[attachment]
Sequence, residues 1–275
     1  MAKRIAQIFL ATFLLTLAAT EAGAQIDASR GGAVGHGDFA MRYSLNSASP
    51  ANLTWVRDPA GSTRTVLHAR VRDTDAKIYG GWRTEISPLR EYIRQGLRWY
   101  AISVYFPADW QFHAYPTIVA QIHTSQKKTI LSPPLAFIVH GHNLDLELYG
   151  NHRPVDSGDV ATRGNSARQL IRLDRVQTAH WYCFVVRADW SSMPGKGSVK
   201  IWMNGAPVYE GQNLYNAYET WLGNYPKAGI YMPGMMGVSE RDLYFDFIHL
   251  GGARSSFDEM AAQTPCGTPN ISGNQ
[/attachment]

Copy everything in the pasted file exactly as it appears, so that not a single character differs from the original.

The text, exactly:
Sequence, residues 1–275
     1  MAKRIAQIFL ATFLLTLAAT EAGAQIDASR GGAVGHGDFA MRYSLNSASP
    51  ANLTWVRDPA GSTRTVLHAR VRDTDAKIYG GWRTEISPLR EYIRQGLRWY
   101  AISVYFPADW QFHAYPTIVA QIHTSQKKTI LSPPLAFIVH GHNLDLELYG
   151  NHRPVDSGDV ATRGNSARQL IRLDRVQTAH WYCFVVRADW SSMPGKGSVK
   201  IWMNGAPVYE GQNLYNAYET WLGNYPKAGI YMPGMMGVSE RDLYFDFIHL
   251  GGARSSFDEM AAQTPCGTPN ISGNQ